Comment of the Day: In Search of Gentle Demolition

COMMENT OF THE DAY: IN SEARCH OF GENTLE DEMOLITION “Serious question here. I live in what is basically a future tear-down. It was my first house purchase 20 years ago, and I’m still in it. It’s a remuddled 30s-40s bungalow that looks like someone hired their brother-in-law to do the work, and it was previously a rental before I bought it. I’ve been resisting doing anything major to it because I have been actively looking for a ‘real house’ for quite a while now. It has the original 3″ oak floors that probably still have quite a bit of wear left in them, seeing as they haven’t been sanded and refinished very many times (only once in the last 20 years, and probably not more than once before that). It has an awesome counterweighted attic door that rolls down instead of unfolding. The bathroom sinks are older than I am (they’re dated on the bottom). The vintage 6-gallon-flush toilets might be desired by someone. Certainly the scrap metal inside the walls could fetch some bucks. So there might be some parts worth saving. But how do I find someone to deconstruct it, when that time comes?” [GoogleMaster, commenting on Comment of the Day: Used House Parts Scouting Report]

11 Comment

  • I would be happy to come in and reclaim any wood that is useful. We I work with a demo crew I usually come in a day or 2 before and take out the useful wood (your floors sound great!) then the demo folks come in and knock down the rest.

    You can also look at Historic Houston – the offer a paid demo service where they reclaim as much as possible.

    If you are interested in letting me reclaim some of your nice old wood, email me at

  • Check with Habitat for Humanity (North Harris County) or the recently re-formed Historic Houston to get estimates for the cost of deconstructing your old house. I used both of their services within the last 2 years (since Habitat will salvage fairly “new” building materials such as light fixtures, ceiling fans, light switches, etc. that are just a few years old) and Historic Houston can salvage the older materials (wood flooring, brick, windows, etc.). You should be aware that each service comes at a cost (that will be tax deductible) and extends your demolition time pretty significantly… a few weeks versus 1 day for straight demo. They’re both great services, but you need to be aware of the differences before you start any construction, since deconstruction will impact your schedule somewhat.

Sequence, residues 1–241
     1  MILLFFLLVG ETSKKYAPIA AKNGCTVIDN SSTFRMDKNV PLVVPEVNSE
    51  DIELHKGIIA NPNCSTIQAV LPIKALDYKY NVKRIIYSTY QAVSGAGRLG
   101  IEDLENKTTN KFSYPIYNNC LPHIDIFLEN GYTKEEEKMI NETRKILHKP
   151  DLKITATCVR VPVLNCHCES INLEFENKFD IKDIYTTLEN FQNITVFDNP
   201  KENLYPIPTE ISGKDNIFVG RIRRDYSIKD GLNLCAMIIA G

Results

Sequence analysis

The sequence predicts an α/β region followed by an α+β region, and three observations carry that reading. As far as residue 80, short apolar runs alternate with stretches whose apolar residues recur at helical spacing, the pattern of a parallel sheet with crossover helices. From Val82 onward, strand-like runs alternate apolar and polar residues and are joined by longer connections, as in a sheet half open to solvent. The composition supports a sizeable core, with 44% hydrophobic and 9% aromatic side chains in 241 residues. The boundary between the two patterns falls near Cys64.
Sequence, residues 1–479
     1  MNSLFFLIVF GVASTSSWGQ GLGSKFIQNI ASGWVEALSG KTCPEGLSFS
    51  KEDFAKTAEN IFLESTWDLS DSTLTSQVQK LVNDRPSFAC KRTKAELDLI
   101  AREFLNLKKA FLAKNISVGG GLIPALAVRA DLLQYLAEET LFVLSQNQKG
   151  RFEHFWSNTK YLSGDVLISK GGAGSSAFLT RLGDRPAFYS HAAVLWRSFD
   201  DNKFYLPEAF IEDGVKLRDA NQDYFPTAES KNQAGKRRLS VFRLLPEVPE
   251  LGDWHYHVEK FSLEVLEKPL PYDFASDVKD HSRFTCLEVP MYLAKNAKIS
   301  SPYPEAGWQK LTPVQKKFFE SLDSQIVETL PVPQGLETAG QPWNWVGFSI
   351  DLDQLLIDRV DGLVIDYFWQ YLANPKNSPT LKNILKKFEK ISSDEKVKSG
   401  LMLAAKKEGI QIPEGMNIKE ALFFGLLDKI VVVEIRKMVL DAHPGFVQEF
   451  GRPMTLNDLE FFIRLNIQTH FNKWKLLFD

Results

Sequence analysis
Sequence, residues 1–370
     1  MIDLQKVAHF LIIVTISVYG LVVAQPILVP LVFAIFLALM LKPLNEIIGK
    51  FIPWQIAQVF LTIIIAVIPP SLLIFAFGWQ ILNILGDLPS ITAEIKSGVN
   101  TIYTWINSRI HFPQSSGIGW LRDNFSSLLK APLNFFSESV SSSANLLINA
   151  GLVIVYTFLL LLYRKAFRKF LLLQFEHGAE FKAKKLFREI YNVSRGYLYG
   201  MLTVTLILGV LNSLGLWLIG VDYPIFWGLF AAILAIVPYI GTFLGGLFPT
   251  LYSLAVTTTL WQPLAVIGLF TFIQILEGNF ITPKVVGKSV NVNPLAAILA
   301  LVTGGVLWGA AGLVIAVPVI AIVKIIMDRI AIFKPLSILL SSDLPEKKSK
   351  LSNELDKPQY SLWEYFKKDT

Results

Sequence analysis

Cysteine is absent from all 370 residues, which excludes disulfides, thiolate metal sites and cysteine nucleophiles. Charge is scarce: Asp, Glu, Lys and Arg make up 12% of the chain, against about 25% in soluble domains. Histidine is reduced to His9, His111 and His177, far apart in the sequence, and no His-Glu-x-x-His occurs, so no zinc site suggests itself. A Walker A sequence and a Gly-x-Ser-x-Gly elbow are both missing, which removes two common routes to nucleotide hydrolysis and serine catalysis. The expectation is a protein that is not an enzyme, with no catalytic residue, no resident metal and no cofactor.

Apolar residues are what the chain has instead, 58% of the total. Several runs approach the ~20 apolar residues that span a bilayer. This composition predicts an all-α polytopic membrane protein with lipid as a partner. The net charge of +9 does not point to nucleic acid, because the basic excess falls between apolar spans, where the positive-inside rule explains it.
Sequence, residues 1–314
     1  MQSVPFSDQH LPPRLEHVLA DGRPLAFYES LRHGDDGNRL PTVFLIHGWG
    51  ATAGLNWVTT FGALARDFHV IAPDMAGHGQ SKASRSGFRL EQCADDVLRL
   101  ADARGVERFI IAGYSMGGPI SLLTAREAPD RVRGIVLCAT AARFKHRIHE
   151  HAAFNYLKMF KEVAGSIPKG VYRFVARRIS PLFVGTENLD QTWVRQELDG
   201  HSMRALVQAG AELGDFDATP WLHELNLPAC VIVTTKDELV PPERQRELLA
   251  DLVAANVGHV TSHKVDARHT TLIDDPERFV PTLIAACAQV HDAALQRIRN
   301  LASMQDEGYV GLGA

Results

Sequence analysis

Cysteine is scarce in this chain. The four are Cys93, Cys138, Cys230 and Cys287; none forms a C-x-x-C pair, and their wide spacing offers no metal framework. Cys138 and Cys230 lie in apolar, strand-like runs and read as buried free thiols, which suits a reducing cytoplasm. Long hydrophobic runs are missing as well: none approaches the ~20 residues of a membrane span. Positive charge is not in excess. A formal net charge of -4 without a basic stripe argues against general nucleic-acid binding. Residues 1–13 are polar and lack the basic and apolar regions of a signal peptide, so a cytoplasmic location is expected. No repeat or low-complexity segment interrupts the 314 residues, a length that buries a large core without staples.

• If the value doesn’t exceed the cost of reclaiming, then that’s a good sign that it’s bound for the dump. If I have to pay someone to take my materials, that says a lot about their value.
    I tried to get someone to take out my wood floors (and keep the wood in return) and got nothing. So I had them taken out and put into a big pile for someone to take for free. Nothing.
    My guess is people are more in love with the IDEA of reclamation than the act itself. When push comes to shove, no one shows up. I guess it’s akin to the historic home that no one wants to see blown up, but no one wants to buy to save.

  • I still wish we had an attic fan.

  • The attic fan that was in our house is now in a giant plywood box on the back patio, where it serves to keep us cool in the Summer.

  • Check out Owner/operator also operates a reclamation service. This guy is a certified Renaissance Man.

    Mailing Address:
    Tiny Texas Houses, LLC
    20501 East I-10 Luling, TX 78648

  • i decided to go with the one day demo earlier this year because it was to costly to have historic houston or habitat come out. we did give away everything that had value before the excavator showed up. my house was built in 1936.


  • I build houses in the Heights and we use reclaimed hardwood floors in my projects all the time. I have the floors installed and refinished turn-key so I have no idea where they get the wood from, but I have to assume from some old houses somewhere! They are never short of the stuff, which looks great refinished, so I guess they actively source their materials. You might want to try giving Abraham Floors a call when you’re ready to demo.

  • C.L. That’s great stuff!
    “We can do the salvage work for you in exchange for the materials in the old structure, thus saving you thousands of dollars of waste removal and disposal fees. We carefully disassemble the structure, saving for re-use everything with the exception of nails and broken glass and toxic items (plastics, asbestos shingling, etc). “

  • Awesome! Thanks for all the suggestions. I’m not at the ready-for-demo stage yet, but I’ll save all these ideas for when the time comes.